Querying XML and Relational Data

7 downloads 0 Views 396KB Size Report
Besides, the. Structured Query Language (SQL) is the most .... even developers may not be familiar with many query .... UQL Builder: After getting all the needed ...

International Journal of New Computer Architectures and their Applications (IJNCAA) 7(2): 50-55 The Society of Digital Information and Wireless Communications, 2017 ISSN 2220-9085 (Online); ISSN 2412-3587 (Print)

Querying XML and Relational Data Hassana NASSIRI1, a Mustapha MACHKOUR2, a Mohamed HACHIMI3, b a Laboratory of the Computing Systems and Vision b Laboratory of Engineering Sciences University Ibn Zohr, Agadir, Morocco 1 [email protected] 2 [email protected] 3 [email protected]

ABSTRACT There has been a growing need for querying heterogeneous data sources, namely XML and Relational databases. Since the relational model is the most data model used to manage data for years. Similarly, the eXtensible Markup Language (XML) is quickly emerging as the de facto standard for data exchange over the Internet. Hence, bridging these two models is surely need. Furthermore, each database system uses a particular query language to manipulate data. So, users need to know each query language of each data model. To this point, we aim to define a system to retrieve data regardless of the nature of the model used and eliminates the burden of learning new languages. In such way, the existing users’ knowledge about a query language will be enough and will meet the purpose. Thus, this paper addresses the problem of accessing both XML and relational data, by using a unique query language expressed with whether SQL or XPath. We rely on a new approach in the translation process to convert the user query into the suitable query language according to the nature of the data interrogated.

KEYWORDS SQL; XPath; Data Model; Database; Translation; Mapping

XML;

Relational

1 INTRODUCTION We choose to discuss the eXtensible Markup Language (XML) and relational data model and make them the first models under study in this contribution, as they are increasingly complementary and related in practice. The large volume of the research introduced to integrate these two models is another proof that both relational and XML databases should exist. The Relational Model has long been a successful, dominated and popular

Data model, and still widely used by most organizations to manage data. Besides, the Structured Query Language (SQL) is the most popular, basic and the standard query language for managing and querying data. SQL is userfriendly, and almost everything we need to do in manipulating a database can be fulfilled using SQL. Similarly, in the last years, XML is quickly emerging as the de facto standard for data exchange over the Internet. So, bridging these two models is necessary. Each database system uses a particular query language to manipulate data. So, to query a database, users need to adapt the query language on it, for instance, use SQL to extract data from relational and XPath, for example, to get data from XML. But most of the time, it is a hard task for users to learn new query languages and to control the use of all of them. To this point, we aim to define a system to extract data regardless of the nature of their model. By our system, the existing users’ knowledge about a query language will be enough to get what they want. They can use SQL as they can use XPath to retrieve data from both XML and relational data model. The rest of the paper is organized as follows: Section 2 provides some related works. Section 3 discusses the objectives of the system and explains the translation process to convert queries. Finally, section 4 draws the conclusion. 2 RELATED WORK There has been considerable interest related to XML and relational database. We focus on those approaches that have proposed a query translation tool to solve the problem of querying different databases. From systems studied in the literature, we have noticed two ways to handle 50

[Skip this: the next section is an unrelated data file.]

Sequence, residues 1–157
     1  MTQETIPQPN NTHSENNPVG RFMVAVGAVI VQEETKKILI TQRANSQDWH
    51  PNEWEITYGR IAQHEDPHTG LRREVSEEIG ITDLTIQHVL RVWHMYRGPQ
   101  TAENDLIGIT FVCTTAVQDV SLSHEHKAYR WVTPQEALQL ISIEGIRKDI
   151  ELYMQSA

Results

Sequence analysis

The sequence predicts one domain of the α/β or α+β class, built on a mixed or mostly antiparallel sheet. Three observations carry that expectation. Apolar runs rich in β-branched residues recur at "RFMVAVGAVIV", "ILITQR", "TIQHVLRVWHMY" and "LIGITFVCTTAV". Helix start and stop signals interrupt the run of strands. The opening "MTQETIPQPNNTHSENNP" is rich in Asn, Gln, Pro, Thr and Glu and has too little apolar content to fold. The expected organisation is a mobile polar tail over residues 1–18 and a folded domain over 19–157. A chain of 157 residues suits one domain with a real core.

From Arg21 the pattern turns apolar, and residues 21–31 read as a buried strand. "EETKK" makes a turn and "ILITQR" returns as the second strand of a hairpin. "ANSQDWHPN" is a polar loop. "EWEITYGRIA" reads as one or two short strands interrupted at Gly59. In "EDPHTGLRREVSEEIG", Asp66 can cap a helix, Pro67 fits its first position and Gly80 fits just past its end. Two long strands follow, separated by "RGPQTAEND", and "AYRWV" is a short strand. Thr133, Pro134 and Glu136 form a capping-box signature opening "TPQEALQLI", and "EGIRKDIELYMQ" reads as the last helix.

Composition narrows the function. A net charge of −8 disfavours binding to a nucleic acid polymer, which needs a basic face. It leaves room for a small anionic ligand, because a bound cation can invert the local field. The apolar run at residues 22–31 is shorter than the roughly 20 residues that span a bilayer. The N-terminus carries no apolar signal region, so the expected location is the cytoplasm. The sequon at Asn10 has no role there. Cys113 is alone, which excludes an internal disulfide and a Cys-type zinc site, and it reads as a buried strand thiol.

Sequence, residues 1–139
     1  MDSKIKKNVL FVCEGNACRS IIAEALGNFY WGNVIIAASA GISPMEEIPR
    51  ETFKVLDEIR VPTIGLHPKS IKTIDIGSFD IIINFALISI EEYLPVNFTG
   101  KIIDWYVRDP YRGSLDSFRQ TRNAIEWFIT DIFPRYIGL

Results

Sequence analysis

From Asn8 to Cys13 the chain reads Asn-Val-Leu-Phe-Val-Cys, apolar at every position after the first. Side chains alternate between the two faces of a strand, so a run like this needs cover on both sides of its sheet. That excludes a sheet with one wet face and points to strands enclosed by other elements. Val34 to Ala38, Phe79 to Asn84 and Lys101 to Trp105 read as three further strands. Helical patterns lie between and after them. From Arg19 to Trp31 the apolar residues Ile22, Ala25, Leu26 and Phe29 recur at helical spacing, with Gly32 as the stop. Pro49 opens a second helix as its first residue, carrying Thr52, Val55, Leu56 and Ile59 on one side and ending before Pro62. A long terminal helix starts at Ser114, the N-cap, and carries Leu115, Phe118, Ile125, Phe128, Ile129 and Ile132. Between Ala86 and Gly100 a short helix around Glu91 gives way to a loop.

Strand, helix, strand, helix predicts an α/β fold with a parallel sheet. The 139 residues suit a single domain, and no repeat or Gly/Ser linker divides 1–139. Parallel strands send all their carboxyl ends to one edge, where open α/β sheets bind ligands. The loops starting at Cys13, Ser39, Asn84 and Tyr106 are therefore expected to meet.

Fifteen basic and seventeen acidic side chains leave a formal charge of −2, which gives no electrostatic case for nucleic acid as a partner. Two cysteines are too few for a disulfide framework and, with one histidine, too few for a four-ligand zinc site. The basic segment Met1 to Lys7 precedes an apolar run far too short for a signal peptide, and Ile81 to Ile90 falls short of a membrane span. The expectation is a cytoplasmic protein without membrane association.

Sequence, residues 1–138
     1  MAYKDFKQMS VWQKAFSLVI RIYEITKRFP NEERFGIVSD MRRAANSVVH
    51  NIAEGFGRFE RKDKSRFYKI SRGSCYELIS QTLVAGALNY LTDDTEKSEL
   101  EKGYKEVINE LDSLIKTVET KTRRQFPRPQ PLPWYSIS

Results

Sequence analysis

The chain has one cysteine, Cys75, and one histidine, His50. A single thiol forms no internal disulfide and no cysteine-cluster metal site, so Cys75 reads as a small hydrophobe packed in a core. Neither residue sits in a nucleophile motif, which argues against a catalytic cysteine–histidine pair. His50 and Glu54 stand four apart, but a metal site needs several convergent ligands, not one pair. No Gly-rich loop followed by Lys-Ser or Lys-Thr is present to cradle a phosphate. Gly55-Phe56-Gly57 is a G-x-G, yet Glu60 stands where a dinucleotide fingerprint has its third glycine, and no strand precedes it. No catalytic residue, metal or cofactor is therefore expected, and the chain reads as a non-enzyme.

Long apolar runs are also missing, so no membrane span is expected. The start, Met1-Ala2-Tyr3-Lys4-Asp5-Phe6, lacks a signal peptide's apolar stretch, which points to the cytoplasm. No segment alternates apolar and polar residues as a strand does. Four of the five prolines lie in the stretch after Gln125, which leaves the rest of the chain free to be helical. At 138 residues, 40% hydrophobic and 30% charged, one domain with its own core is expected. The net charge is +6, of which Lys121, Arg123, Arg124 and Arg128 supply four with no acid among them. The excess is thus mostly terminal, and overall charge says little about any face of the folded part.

International Journal of New Computer Architectures and their Applications (IJNCAA) 7(2): 50-55 The Society of Digital Information and Wireless Communications, 2017 ISSN 2220-9085 (Online); ISSN 2412-3587 (Print)

the problem and met our purpose: (1) translate SQL to an XML query language XPath or XQuery to query XML database (2) the opposite, translates an XML query language to SQL. We will divide them into two parts: from relational to XML [1] [2] [3] [4] [5] [6] and from XML to relational [7] [8] [9] [10] [11] [12] [13]. In the rest of this section, we will give a brief description of each research aforementioned.